In junior high school while many other kids her age were watching Full House and fixating on NSYNC, UC Santa Cruz Arts Division IT Manager, Angie Steele, was crushing on computers. So by the time she was in high school, she’d already been offered her first computing job. “My junior high school computer teacher recommended me for a job there to help the students with their computers,” said Angie. And with that her future was set.
Having grown up in the East Bay town of Antioch, California, with many of her summers spent on the Santa Cruz Boardwalk, when it came time to choose a university, Angie knew that UC Santa Cruz would be at the top of the list. “I actually applied to UCSC to study biology,” said Angie, who ended up earning her degree in Computer Science. “I didn’t even visit the campus after I was accepted because I just knew I was coming here, and I had always loved being in Santa Cruz.”
That was back in 1995 and Angie loved it here so much that she never left! Amazingly, she got her first UCSC job a mere week after she arrived as a freshman, providing IT support at the Physical Plant. Angie really enjoyed working for her supervisor, John Rickard, who became a valuable mentor. “I was responsible for a lot more than a student probably should be,” she laughed, recalling her time there. But it was the beginning of a very successful career that’s still going strong. Now, Angie is an invaluable asset as the Lead Digital Media Specialist for the Film and Digital Media department.
After working at the Physical Plant, Angie not only stayed on campus to pursue her IT work, but continued to live on campus, and even met her husband, John Steele (also a UCSC alum), on campus who is a programmer/analyst for IT Services. And, true to form, the two met via their computer screens. “We met at UCSC via email,” said Angie. “I managed the email server for his department, and when he was hired, his supervisor told me that his last name was spelled “Steel” (missing the last “e”). His first email to me was kindly asking me to correct the spelling of his last name.”
Since those earlier days, the couple has enjoyed not only living on campus but also participating in many worthwhile causes. They are both on the Staff Advisory Board, and John chairs the annual UCSC Holiday Food Drive for Second Harvest Food Bank, with Angie handling the accounting and fund-raising raffle. They also are very involved in the Smith Renaissance Society, an outstanding program that provides academic, personal, social and financial support to UCSC students who haven’t had traditional family support and have had to endure adverse childhood experiences such as neglect, abuse and homelessness.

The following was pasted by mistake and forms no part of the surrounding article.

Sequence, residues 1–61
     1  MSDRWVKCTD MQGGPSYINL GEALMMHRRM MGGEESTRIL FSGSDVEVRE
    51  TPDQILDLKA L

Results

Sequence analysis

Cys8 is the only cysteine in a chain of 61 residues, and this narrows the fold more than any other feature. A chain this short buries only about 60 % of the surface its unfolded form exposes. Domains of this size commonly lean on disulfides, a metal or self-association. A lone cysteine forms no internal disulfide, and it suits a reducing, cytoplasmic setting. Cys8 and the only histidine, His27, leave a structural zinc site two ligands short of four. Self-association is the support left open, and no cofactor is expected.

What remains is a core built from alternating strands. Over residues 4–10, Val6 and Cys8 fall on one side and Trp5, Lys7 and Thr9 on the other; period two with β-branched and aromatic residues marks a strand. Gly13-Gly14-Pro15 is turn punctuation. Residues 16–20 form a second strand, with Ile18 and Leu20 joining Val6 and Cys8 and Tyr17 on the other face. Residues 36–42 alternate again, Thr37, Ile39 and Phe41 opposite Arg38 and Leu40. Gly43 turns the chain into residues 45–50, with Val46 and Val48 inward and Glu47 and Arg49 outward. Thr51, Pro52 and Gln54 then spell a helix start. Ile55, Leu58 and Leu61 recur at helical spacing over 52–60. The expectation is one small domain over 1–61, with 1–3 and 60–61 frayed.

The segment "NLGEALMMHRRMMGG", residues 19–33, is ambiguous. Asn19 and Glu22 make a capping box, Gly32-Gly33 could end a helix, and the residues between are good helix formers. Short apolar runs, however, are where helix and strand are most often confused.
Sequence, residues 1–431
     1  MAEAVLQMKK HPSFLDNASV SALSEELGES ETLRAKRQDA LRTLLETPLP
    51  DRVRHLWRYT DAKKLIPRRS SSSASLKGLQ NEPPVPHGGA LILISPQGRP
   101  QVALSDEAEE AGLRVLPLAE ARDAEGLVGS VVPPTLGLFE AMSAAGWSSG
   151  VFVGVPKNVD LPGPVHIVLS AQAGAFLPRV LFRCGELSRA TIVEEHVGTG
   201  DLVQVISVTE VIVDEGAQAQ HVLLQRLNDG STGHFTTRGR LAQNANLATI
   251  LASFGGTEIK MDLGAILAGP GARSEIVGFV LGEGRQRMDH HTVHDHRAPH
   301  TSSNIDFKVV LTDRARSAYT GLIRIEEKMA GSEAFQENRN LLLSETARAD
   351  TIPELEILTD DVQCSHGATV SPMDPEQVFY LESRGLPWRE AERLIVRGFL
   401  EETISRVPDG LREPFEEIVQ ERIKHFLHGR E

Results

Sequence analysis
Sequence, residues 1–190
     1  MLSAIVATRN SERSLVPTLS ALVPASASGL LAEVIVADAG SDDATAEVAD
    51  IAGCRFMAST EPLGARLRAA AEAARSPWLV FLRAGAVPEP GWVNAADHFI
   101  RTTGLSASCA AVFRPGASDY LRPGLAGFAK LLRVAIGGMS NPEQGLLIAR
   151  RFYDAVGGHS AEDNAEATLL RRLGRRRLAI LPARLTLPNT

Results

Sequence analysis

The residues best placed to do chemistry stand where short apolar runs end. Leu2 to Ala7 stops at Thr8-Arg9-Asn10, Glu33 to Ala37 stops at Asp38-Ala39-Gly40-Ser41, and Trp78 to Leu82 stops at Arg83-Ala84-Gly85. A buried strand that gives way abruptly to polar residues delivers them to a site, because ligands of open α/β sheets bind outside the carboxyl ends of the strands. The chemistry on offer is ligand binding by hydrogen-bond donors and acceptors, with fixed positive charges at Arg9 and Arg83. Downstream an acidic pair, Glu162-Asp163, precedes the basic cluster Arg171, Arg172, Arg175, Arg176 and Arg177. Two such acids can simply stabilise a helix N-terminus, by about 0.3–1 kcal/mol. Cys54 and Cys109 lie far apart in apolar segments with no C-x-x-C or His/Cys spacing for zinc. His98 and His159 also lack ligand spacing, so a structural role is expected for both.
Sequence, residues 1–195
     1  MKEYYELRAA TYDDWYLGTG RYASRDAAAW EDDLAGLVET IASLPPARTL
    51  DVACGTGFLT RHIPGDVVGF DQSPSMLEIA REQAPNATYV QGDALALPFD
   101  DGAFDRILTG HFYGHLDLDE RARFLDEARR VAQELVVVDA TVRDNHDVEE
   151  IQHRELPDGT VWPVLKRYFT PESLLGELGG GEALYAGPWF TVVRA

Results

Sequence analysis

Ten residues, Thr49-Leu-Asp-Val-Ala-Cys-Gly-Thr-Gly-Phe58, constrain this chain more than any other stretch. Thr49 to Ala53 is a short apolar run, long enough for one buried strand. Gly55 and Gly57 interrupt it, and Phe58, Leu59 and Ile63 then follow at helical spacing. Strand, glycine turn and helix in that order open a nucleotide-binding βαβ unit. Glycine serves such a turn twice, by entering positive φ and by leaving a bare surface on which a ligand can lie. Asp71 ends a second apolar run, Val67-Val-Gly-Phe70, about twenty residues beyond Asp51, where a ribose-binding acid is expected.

“My husband and I mentor one student together,” said Angie. “We help the student get through the university process….It’s mostly just being the stable adult in their lives and being that support. We’re on our second mentee – our first student graduated last year – and our current student has a couple of more years.” Angie and John not only mentor, but they are very active board members for the organization, attending many events and helping to fundraise
Called a “life saver” by her colleagues for the outstanding archival system she’s developed for the Music Department recently, Angie is more than willing to put in the extra time and effort it takes to ensure that faculty and student resources are readily available. During the last winter break, she developed a new digital tool that the Music Department could use to archive all of their audio clips and playlists. Before that, the department had relied on the library’s system to do the work, but when it became too expensive to maintain and was consequently cut from the budget, something had to be done to replace it – and quickly.
“So, I knew that we already had this tool we used for video…I thought that maybe we could also use it for audio,” said Angie. “I built a replacement tool, and then brought all of the data out of the old system and into the new tool. The new one is very basic and streamlined, and auto-generates everything for the instructors who want to use it.”
Angie also made sure that it was super easy to use, making it self-service. Unlike the older system where tapes were brought to someone at the library who, in turn, had to then laboriously create customized playlists, with the instructors having no control how the media would be displayed or organized, Angie’s new system allows the faculty to easily upload tracks any way they wish and in any order. They can create playlists and send the links to their students and/or include various links in their syllabus for any given class.